A lattice bridge is a form of truss bridge that uses a large number of small and spaced diagonal elements that form a lattice. Bridges of this type were patented in the 19th century by architect Ithiel Town, are sometimes called Town lattice trusses. A design to allow a substantial bridge to be made from planks employing lower–skilled labor, rather than heavy timbers and more expensive carpenters, this type of bridge has been constructed using a large number of light iron or steel members; the individual elements are more handled by the construction workers, but the bridge requires substantial support during construction. A simple lattice truss will transform the applied loads into a thrust, as the bridge will tend to change length under load; this is resisted by pinning the lattice members to the top and bottom chords, which are more substantial than the lattice members, but which may be fabricated from small elements rather than large beams. The Belfast truss is a cross between the bowstring truss.
It was developed in Ireland. McTear & Co of Belfast, Ireland began fabricating these trusses in wood starting around 1866. By 1899, spans of 24 meters had been achieved, in the 20th century and airplane hangars demanded greater clear spans. Bartonsville Covered Bridge Brown Covered Bridge Burt Henry Covered Bridge Cornish-Windsor Covered Bridge Euharlee Covered Bridge Kingsley Covered Bridge Poole's Mill Covered Bridge Root Road Covered Bridge Waterford Covered Bridge Watson Mill Covered Bridge Windsor Mills Covered Bridge Worrall Covered Bridge Frankenfield Covered Bridge Zehnder's Holz Brucke Howard Carroll built the first wrought-iron lattice truss bridge; this was built for the New York Central Railroad in 1859. Bennerley Viaduct Bridge in Brown Township Dowery Dell Viaduct known as Hunnington or Frankley Viaduct Kew Railway Bridge Norwottuck Rail Trail Bridge Willow Creek Bridge, in Pierce County, Nebraska Upper Slate Run Bridge, a'quintangular' lattice truss in Lycoming County, Pennsylvania Lattice girder Brown truss Picture and description of Town's lattice truss Watson Mill Bridge, Georgia, US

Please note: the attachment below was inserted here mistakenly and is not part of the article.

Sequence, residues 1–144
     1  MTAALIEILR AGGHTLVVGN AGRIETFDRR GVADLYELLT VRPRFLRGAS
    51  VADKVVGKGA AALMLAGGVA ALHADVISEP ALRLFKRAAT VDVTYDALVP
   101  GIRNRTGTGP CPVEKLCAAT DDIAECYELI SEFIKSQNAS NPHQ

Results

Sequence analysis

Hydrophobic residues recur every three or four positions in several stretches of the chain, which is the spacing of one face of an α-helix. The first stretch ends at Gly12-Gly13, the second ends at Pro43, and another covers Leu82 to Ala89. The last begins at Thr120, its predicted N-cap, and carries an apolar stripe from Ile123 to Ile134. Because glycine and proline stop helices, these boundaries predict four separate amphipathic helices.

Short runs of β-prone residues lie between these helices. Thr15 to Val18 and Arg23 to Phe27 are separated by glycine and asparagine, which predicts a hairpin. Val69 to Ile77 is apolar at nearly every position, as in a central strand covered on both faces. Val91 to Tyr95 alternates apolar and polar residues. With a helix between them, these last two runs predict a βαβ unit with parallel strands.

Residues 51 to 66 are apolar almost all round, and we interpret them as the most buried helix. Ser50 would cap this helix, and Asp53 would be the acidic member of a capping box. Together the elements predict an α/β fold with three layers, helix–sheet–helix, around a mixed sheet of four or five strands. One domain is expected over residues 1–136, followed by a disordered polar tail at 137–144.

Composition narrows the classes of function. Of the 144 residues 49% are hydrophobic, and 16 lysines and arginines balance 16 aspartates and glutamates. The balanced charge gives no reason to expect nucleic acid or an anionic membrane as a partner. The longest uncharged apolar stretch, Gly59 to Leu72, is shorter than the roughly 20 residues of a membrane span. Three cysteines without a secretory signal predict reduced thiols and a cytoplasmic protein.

National Register of Historic Places listings in Alabama
This is a list of buildings, sites and objects listed on the National Register of Historic Places in Alabama. This National Park Service list is complete through NPS recent listings posted April 12, 2019. There are 1,200 properties and districts listed on the National Register of Historic Places in Alabama; the numbers of properties and districts in Alabama or in any of its 67 counties are not directly reported by the National Register. Following are tallies of current listings from lists of the specific properties and districts. There are no sites listed on the National Register of Historic Places in Geneva County. List of National Historic Landmarks in Alabama List of bridges on the National Register of Historic Places in Alabama
Heritage Documentation Programs